The International Association for the Reunification of the Parthenon Sculptures  (IARPS) held a general meeting in Athens yesterday, to which representatives from all member organisations were invited.
During the course of the meeting, as well as being given a tour of the latest restoration works at the Acropolis, they were addressed by the Greek Minister of culture, Panos Panagiotopoulos.
Culture Minister Panos Panagiotopoulos addresses the IARPS
Mon, 2013-10-07 08:06
Member organisations from the International Association for the Reunification of the Parthenon Sculptures met in Athens yesterday.
During the course of the meeting, Panos Panagiotopoulos, the Greek Culture Minister addressed us, with his thoughts on the issue.
He emphasised the requests for the return of the marbles do not stem from Greek nationalism: “This is not an effort that starts from nationalism, this is not an effort to reinforce the ego of a European Nation. This is an effort that is deeply universal, to restore the unity of a cultural monument for all humanity.”
He elaborated on this, to explain that he feels that Greeks realise that their culture belongs to all humanity, and that they see their culture, as their passport for outreach to the rest of the world.
He then went on to inform the committees about the planned use of the UNESCO mediation process, to try and move the issue forward:
He has spoken to Irina Bokova, the current Director General of UNESCO, at a meeting in Paris in the summer. During the meeting, they discussed the case of the Marbles, and he requested that she could initiate the mediation process between Greece and the UK.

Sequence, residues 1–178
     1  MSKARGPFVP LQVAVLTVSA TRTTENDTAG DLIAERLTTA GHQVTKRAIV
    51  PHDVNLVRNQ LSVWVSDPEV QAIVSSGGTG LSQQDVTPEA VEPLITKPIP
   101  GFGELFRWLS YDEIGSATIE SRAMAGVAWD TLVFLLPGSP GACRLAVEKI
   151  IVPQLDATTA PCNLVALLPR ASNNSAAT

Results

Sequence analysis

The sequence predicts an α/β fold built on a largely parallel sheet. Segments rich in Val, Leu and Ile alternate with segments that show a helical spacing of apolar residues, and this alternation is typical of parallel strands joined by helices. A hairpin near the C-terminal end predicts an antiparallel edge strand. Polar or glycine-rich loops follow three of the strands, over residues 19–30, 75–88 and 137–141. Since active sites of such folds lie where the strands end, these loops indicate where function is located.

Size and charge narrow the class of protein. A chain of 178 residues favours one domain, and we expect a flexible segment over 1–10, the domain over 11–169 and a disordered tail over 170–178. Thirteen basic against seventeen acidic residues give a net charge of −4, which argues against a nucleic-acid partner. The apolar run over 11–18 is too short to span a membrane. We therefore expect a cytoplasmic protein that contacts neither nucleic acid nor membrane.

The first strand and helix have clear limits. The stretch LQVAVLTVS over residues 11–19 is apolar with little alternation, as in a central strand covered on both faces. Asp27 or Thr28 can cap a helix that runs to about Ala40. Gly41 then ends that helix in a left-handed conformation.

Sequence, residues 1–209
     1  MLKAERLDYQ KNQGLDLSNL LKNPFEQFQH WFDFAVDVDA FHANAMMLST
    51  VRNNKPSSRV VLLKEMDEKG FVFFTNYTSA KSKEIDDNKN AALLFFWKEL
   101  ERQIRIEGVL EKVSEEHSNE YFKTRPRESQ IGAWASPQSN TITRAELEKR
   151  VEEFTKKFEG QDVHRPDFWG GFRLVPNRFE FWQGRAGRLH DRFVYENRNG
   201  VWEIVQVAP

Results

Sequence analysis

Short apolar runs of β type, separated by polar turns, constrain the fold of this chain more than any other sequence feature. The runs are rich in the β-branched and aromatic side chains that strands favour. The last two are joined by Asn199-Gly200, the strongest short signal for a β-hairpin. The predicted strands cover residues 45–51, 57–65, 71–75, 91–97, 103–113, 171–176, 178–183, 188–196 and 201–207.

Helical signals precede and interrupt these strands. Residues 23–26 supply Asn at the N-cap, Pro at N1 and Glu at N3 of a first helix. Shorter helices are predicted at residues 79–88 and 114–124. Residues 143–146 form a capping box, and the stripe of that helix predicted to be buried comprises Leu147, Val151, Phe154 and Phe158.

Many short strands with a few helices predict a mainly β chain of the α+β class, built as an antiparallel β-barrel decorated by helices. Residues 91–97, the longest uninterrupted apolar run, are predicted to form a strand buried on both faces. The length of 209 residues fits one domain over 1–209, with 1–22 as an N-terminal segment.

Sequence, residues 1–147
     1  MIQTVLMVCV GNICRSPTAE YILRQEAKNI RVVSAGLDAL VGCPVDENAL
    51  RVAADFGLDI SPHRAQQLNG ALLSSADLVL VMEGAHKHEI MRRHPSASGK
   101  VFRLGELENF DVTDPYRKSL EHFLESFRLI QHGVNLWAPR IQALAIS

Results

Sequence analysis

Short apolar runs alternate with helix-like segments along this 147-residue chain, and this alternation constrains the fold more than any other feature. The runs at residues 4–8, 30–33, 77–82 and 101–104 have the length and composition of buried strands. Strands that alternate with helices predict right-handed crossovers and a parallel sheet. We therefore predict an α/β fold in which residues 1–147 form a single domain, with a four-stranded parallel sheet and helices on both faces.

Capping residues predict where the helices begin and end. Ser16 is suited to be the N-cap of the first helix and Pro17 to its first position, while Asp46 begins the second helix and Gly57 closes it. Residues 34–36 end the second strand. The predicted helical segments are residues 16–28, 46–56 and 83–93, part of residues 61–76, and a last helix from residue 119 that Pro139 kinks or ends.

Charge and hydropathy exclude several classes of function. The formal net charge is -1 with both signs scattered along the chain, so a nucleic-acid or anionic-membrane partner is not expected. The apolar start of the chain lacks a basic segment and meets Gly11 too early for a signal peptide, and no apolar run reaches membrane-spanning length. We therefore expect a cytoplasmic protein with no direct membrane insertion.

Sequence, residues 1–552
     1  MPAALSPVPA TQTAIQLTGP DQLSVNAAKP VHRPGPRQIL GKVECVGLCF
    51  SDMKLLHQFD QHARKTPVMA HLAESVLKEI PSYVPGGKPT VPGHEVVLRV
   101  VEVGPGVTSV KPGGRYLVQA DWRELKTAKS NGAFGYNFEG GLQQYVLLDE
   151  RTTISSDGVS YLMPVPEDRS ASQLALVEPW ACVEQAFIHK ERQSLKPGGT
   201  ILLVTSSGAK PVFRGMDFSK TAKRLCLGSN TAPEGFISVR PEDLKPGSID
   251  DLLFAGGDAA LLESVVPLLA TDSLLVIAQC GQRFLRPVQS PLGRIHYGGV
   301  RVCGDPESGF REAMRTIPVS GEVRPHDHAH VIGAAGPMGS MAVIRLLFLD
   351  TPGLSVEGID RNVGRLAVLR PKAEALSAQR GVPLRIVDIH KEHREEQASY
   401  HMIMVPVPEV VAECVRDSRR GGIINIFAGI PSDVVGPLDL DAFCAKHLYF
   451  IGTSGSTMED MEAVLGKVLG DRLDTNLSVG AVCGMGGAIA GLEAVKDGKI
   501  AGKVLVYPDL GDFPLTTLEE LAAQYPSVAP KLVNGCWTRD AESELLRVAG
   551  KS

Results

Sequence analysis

He also added that this is a legal process, but more importantly that this is the first case to which this process will have been applied.
A letter has now been sent (from UNESCO) to the following people in the UK, informing them that the UNESCO procedure is being initiated:
William Haig, the British Secretary of State for foreign affairs.
Maria Miller, the Secretary of State for Culture, Media and Sport.
Neil MacGregor, the Director of the British Museum.
Finally, he touched on the fact that he is aware that the UNESCO mediation process is far from the only possible strategy. He noted that, “In an ideal world, there would not be these kinds of differences. However, I acknowledge that each one of you contributes to this cause with your spirit, your soul & your hearts. So this situation is only natural. I honour all your different views & would like to thank all of your for any proposals that you have made.”
However, he pointed out, that at this point in time, the decision to take the UNESCO mediation route has been made. It was underlined that this is an important step forward from Greece, so as a result, we should not let the opportunity slip away, or distract from the main focus of it.
He ended by thanking the supporters of reunification who had attended the meeting, commenting that he felt as though they were “like family” to Greece.
David Hill, the chair of the IARPS thanked the minister for his comments, and underlined the fact that the International Association will back Greece one hundred percent in their current endeavours.
Delegates from the other committees also added their words of support, noting that it was good to see that Greece was taking such an important step forward and that it is a very positive step that there is finally a clear direction to the route that their reunification efforts are taking.